NASA's Phoenix Mars Lander has delivered a scoop of Martian soil from the "Snow White" trenches to the optical microscope for analysis tomorrow, June 24, the 29th Martian day of the mission, or Sol 29.
And the Phoenix lander will position its Robotic Arm to deliver some of that same scoop of soil for its first wet chemistry experiment on the Red Planet in the next day or two.
Scientists did a diagnostic run today that melted ice to water for Phoenix's first wet chemistry experiment. The water is part of the wet chemistry laboratory and comes from Earth.
The laboratory, not yet used on Mars, is designed to test soil for salts, acidity and other characteristics, much like garden soils are tested on Earth. Phoenix's wet chemistry laboratory is part of the suite of tools called the Microscopy, Electrochemistry and Conductivity Analyzer, or MECA.
"The water in the wet-chemistry cell is frozen, and before we do an experiment we have to make sure that it's totally thawed," Phoenix co-investigator Sam Kounaves of Tufts University, wet chemistry laboratory lead, said. "It's like pouring a known amount of water from a beaker when you're doing a chemistry experiment -- you have to use all the water for your experiment to work."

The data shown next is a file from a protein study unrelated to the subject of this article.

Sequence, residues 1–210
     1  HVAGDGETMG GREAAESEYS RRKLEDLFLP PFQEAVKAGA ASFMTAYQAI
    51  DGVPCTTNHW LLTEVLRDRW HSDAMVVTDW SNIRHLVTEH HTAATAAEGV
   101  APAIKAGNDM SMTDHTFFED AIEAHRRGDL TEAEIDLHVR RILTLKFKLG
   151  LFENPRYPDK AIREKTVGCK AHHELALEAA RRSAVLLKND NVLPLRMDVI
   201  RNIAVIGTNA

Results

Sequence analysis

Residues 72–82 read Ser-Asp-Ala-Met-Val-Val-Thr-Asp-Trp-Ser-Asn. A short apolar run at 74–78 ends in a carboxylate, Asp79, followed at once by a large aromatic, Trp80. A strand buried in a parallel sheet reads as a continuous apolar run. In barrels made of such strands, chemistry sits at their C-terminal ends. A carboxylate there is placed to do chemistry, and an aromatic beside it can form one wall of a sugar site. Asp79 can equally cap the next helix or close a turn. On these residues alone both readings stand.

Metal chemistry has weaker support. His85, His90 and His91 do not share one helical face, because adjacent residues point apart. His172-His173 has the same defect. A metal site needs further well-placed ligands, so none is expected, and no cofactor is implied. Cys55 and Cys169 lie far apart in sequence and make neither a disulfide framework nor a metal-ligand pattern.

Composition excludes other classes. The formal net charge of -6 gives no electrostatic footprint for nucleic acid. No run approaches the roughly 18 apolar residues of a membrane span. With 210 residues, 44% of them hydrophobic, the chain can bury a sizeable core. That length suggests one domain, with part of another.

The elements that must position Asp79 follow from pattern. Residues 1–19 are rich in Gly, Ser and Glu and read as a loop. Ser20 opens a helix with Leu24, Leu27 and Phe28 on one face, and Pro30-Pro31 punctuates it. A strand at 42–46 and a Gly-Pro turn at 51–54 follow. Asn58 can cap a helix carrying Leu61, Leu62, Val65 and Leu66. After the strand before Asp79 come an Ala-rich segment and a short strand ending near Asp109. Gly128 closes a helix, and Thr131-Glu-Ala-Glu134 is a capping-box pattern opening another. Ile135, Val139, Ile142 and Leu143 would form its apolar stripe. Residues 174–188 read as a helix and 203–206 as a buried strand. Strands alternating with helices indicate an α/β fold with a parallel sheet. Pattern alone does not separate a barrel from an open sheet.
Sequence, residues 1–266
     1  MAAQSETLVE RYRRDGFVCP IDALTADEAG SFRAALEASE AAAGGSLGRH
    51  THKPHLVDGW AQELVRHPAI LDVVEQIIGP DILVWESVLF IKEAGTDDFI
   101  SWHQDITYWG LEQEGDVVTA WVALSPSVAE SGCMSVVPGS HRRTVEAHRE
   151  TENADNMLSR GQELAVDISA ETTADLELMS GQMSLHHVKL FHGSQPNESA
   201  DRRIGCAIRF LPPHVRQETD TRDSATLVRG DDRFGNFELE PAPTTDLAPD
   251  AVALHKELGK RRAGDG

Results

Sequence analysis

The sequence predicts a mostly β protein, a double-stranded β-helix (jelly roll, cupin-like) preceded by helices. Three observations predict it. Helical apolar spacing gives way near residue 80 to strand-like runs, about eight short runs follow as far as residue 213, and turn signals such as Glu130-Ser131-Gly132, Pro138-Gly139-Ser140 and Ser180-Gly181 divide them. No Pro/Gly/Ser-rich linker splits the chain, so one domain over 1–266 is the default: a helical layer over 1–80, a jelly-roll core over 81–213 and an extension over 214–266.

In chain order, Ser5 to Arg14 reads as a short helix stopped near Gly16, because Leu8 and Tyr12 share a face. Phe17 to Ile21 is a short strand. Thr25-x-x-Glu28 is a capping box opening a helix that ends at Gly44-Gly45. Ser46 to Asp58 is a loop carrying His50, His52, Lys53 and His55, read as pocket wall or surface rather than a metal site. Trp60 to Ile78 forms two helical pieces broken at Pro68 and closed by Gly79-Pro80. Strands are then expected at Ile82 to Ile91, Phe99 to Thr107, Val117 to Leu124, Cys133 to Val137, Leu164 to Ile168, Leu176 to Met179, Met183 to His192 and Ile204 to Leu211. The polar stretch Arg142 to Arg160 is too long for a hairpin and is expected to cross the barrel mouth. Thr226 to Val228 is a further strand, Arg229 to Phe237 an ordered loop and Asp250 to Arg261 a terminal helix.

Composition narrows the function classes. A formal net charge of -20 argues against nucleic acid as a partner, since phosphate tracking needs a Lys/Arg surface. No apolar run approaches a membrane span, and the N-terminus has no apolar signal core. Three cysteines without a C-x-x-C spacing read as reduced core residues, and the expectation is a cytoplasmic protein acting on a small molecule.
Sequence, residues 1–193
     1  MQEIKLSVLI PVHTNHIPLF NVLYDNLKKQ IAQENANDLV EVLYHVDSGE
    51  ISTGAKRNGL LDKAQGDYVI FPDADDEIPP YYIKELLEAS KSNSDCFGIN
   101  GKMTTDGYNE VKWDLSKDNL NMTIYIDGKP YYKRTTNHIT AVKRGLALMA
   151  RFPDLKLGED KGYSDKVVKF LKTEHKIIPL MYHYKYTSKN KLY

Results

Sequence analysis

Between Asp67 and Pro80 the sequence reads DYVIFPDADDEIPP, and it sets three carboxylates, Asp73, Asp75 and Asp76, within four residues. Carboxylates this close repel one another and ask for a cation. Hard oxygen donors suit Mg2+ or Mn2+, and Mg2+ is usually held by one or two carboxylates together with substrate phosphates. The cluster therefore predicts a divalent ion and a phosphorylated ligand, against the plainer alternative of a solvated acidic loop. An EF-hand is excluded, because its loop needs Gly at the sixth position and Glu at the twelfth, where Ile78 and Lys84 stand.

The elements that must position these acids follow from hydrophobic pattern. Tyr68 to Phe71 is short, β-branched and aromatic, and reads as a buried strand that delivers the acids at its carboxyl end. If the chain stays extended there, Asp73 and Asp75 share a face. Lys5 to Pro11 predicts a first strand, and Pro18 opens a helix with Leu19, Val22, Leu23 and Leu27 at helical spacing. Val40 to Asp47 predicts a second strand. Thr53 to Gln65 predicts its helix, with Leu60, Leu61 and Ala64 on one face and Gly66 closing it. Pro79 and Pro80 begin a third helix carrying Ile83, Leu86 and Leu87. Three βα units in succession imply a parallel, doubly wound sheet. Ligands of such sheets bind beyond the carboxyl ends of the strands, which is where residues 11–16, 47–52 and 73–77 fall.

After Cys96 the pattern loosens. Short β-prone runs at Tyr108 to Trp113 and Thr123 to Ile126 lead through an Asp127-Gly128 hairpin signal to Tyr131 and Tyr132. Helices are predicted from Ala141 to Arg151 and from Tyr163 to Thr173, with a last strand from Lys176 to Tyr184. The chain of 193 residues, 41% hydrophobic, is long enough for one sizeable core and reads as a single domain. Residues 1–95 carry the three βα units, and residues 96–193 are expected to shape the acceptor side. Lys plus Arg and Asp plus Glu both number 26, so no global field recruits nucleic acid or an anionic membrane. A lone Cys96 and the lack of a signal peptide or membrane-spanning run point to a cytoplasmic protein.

"We are good to go," said Michael Hecht of NASA's Jet Propulsion Laboratory, lead scientist for Phoenix's MECA instrument. "We made liquid water on Mars for the first time for our test."
The Phoenix mission is led by Peter Smith of the University of Arizona with project management at JPL and development partnership at Lockheed Martin, located in Denver. International contributions come from the Canadian Space Agency; the University of Neuchatel, Switzerland; the universities of Copenhagen and Aarhus, Denmark; Max Planck Institute, Germany; and the Finnish Meteorological Institute.
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